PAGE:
Wed 18th Sept
Having sailed into the harbour we had to find the reception pontoon and 'check in'. The marina was in one corner of what is quite a large harbour apparently built by NATO, 'just in case', but not used by them. The island is allowed to use it, presumably until in some war NATO demands it back.

Approaching the reception pontoon we found it occupied by a large German boat. We were preparing our warps and fenders to come alongside when we were addressed by a boy of 10 or 12 yrs on deck. "You can't tie up here", he said, "my parents won't be very pleased. Have you called up the Harbourmaster on channel 16. You must call up the harbourmaster."
Such was the natural authority of this young man that the four of us 'men' stopped in our tracks, and nearly did as we were told. But we'd been at sea for 4 days, and were tired, so we just passed over our lines and asked him to asked him to make them off. I was pleased, and quietly surprised when he complied.
When the parents returned later in the afternoon we exchanged hellos, or perhaps bon dias, (but not guten tag) and there was no evident displeasure on their part. Whether or not young Adolf was severely thrashed later, for letting four scruffy Englanders come alongside, we never found out!

Having cleared in with the necessary bureaucracy at both the marina office and the police we had a cold beer and went off to the beach. Warm sea, and golden sand (which we later found out is quite unusual on volcanic islands where it is usually black) were just what we needed for a well earned bit of r and r.

Porto Santo is a hot (for us) and arid place. Bare volcanic rock , (not enough water to sustain plants), covers much of the island, with irrigated palm trees planted here and there to soften the effect. We definitely felt we were on an island off the coast of Africa and not Europe. Alien but also exciting. But a couple of nights on Porto Santo was enough and so we set off on Friday morning under full main and No1 jib for Madeira Grande, about 35M to the SW. After a rolly but otherwise uneventful 6 or so hours we tied up in the marina at Quinto de Lorde on the eastern end of the island.

Quinto de Lorde marina is just a small part of the new-build resort started in the heady heights of capitalist optimism, and finished just in time for the crash. Hotel and church on the new village square, bars, restaurants, health and fitness spas, swimming pools.......etc,.....etc. quite tastefully done, but almost deserted. Evidently the majority of the apartments (time-share perhaps ?) remain unsold as we discovered a sales room with a large model of the village and a bored saleswoman on the quayside.

Interesting as it was , it wasn't really our kind of place, so in the morning sailed slowly along in the lee of the island, to Funchal, the islands capital. As predicted in the Pilot book, there was no room in the marina, which was mostly full of local boats, so we anchored off for a couple of nights.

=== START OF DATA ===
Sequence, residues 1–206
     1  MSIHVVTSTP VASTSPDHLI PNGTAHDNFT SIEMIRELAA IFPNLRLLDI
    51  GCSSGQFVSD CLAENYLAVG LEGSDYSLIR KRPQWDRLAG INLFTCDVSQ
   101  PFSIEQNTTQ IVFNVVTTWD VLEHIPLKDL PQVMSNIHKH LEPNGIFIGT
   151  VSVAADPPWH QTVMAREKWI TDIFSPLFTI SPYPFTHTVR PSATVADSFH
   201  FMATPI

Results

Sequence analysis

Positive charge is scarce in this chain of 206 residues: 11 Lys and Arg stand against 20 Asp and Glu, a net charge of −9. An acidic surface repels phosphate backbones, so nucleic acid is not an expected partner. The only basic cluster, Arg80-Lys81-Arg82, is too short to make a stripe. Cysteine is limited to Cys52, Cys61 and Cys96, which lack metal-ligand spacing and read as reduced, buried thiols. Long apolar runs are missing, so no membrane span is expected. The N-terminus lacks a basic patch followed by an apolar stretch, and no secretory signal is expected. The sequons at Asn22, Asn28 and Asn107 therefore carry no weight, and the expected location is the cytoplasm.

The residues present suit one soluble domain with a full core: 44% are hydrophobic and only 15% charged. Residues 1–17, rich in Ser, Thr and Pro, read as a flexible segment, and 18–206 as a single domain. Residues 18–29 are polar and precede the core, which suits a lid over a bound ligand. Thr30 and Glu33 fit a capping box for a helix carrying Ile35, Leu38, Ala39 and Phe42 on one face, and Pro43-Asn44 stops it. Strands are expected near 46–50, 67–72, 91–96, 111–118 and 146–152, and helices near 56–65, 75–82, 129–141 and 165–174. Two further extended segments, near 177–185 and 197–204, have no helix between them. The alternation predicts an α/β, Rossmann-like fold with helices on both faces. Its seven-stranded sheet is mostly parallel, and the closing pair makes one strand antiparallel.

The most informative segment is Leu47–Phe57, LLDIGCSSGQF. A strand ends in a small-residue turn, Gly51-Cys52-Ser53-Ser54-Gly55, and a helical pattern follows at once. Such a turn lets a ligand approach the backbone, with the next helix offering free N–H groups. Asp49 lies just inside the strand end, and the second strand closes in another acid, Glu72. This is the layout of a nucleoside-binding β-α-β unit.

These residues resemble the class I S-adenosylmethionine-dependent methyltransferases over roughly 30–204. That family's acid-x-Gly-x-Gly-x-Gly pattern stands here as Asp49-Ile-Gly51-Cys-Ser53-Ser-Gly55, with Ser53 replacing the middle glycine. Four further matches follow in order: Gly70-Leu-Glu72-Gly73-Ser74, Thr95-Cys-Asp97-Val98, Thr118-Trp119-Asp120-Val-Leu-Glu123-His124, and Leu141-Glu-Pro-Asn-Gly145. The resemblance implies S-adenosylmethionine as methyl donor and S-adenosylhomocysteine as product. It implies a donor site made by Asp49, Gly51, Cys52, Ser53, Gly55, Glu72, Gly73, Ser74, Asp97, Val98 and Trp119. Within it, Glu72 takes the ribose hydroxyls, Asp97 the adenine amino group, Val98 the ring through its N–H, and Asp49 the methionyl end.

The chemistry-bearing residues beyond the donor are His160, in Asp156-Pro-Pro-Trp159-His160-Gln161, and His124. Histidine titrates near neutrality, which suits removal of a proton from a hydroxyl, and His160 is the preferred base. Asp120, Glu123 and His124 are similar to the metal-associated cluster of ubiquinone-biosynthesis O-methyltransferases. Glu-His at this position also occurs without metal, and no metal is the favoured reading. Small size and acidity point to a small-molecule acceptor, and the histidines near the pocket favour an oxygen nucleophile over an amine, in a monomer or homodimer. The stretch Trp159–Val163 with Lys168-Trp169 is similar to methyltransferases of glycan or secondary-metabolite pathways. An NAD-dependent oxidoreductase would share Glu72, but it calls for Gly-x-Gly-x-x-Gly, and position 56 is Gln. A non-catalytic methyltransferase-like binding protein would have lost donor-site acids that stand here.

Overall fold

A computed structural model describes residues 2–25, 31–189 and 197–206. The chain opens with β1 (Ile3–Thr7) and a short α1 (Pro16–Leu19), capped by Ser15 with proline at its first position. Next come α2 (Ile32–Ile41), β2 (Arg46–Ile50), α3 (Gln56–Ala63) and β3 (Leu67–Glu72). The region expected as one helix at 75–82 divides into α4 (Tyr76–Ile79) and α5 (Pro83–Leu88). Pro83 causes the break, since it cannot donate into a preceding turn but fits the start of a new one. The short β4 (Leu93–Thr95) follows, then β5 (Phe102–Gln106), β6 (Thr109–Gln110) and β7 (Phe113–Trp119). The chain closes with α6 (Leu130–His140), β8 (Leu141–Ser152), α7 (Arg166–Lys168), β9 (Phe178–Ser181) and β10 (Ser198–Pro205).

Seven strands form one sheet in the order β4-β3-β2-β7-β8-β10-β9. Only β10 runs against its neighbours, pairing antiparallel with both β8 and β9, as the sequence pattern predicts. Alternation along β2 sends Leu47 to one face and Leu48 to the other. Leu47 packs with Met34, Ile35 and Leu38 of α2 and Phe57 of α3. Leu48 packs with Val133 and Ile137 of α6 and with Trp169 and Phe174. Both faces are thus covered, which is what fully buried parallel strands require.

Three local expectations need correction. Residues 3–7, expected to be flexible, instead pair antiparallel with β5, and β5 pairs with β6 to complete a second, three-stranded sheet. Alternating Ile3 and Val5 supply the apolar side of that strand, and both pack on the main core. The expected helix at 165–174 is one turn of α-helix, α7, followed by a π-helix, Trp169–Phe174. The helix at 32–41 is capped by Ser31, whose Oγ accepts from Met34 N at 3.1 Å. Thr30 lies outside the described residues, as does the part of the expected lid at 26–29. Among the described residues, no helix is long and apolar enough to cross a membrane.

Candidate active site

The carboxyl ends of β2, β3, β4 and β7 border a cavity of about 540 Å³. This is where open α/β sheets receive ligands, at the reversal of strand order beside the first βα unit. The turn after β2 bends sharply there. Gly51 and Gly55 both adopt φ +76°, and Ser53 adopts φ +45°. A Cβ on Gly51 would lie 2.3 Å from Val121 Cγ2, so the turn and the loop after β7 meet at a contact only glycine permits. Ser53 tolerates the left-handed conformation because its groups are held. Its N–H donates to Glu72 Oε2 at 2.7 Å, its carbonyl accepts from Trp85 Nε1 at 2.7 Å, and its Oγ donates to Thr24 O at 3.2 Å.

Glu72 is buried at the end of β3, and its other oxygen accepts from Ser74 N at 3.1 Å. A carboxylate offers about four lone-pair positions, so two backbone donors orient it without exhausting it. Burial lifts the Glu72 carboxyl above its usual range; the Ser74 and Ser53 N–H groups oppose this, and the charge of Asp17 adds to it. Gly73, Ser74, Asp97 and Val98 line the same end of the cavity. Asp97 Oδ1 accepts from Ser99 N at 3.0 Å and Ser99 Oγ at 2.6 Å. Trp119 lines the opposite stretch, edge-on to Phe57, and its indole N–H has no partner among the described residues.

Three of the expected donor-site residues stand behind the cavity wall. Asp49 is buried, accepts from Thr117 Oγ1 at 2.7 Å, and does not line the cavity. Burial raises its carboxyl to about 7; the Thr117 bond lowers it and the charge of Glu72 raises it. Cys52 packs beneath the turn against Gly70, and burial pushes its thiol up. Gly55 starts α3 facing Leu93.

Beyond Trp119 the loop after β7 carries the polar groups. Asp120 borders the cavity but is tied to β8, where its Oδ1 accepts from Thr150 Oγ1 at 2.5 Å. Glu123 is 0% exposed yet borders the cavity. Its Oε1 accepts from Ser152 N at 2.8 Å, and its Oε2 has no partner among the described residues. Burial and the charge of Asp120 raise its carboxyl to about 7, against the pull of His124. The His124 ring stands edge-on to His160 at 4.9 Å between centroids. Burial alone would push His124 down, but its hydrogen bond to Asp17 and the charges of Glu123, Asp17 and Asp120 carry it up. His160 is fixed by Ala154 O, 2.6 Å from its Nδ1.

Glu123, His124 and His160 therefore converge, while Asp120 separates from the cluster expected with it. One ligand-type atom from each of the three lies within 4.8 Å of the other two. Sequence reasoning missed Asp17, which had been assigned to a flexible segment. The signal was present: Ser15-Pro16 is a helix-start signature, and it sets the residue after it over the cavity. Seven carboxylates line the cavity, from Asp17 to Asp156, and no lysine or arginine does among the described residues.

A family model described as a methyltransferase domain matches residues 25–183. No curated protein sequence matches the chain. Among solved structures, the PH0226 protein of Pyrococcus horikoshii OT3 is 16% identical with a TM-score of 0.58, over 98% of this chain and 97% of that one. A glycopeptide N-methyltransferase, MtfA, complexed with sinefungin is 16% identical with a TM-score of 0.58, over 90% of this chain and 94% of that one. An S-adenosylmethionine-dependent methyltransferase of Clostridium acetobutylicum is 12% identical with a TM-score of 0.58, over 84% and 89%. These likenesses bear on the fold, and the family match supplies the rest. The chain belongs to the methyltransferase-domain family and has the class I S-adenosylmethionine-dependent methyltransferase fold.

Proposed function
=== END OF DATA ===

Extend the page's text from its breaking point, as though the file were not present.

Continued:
The first day we explored the city which was delightful and on the second we went for a sail up the coast to see the 2000ft cliffs, which we're told are the 2nd highest sea cliffs in the world. Very impressive they were too, but what was most extraordinary was the little white line we saw running vertically up the cliffs as we tacked towards them. As we drew nearer we could see that it was in fact a lift which we later discovered was bearing customers to a little bar/restaurant at the base of the cliffs. Luckily we were able to anchor off the bar, swim ashore, and make a closer inspection. There was at the base of the cliffs a strip of land, maybe half a mile long by one or two hundred yards wide very carefully cultivated and hugely productive of all kinds of exotic fruit. A smallholding there had converted half a dozen outbuildings to holiday cottages, and that with the bar was apparently enough to justify attaching an 800ft lift to the side of the cliff. Extraordinary and beautiful, but given the setting the bar could only be described as 'ordinary' and disappointing.

On our way back to Funchal we passed a replica of the Santa Maria, Columbus' ship that took him across the Atlantic. The first to discover the trade wind route which we'll be on in a few weeks. And looking at his little ship and discussing it's ability to sail to windward, or rather it's probable inabilty we marvelled at his confidence in the existence of the circulation of the winds which would enable him to get home again.

This time at Funchal we were admitted to the marina having reserved a place a couple of days before. Madeira Grande, being a higher island than Porto Santo catches the rain and hence covers a lot of the island with lush vegetation. The small city itself was beautifully verdant and the wide European style pavement cafes were the perfect place to enjoy a 'copa de vino blanco' whilst listening to buskers playing their latin american rhythms on guitar. I could have enjoyed a longer stay here and again this goes down on the 'must revist' list.

But another crew change, and time to move on. Nick and Sam were leaving and John and I were being joined by Hadrian and James for the next leg to the Canaries.